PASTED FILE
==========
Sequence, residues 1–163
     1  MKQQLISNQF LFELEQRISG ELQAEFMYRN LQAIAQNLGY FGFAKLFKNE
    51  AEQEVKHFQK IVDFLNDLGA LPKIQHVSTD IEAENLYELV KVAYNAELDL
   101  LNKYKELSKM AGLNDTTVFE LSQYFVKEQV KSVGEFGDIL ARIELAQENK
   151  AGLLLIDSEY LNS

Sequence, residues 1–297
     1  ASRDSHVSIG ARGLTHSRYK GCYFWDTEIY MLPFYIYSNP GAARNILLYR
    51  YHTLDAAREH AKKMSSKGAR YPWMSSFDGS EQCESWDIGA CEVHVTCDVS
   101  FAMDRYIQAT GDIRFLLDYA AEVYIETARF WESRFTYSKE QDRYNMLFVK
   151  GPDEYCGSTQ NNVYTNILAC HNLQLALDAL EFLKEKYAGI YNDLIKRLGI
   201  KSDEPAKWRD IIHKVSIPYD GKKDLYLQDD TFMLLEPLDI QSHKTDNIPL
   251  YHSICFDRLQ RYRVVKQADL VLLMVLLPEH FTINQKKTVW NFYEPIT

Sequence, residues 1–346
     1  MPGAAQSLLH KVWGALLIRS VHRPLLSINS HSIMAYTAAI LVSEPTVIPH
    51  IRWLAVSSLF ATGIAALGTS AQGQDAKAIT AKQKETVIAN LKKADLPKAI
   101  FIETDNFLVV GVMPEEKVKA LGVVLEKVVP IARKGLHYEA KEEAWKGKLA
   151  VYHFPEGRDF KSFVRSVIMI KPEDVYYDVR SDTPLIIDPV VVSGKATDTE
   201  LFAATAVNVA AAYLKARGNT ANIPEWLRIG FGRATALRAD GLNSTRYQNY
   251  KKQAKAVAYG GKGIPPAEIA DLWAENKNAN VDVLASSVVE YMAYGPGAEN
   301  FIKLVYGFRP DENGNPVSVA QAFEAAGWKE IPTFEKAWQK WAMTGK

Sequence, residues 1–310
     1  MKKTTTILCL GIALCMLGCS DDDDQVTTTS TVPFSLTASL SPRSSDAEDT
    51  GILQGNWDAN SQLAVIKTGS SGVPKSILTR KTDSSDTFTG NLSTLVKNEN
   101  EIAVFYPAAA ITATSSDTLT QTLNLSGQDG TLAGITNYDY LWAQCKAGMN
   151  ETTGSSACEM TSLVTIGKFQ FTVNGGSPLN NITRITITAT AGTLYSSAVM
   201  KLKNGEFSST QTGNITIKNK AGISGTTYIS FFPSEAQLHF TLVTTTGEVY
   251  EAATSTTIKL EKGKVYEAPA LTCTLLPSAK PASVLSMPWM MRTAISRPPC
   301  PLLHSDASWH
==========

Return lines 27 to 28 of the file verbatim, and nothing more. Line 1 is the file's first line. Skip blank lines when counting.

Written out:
   251  EAATSTTIKL EKGKVYEAPA LTCTLLPSAK PASVLSMPWM MRTAISRPPC
   301  PLLHSDASWH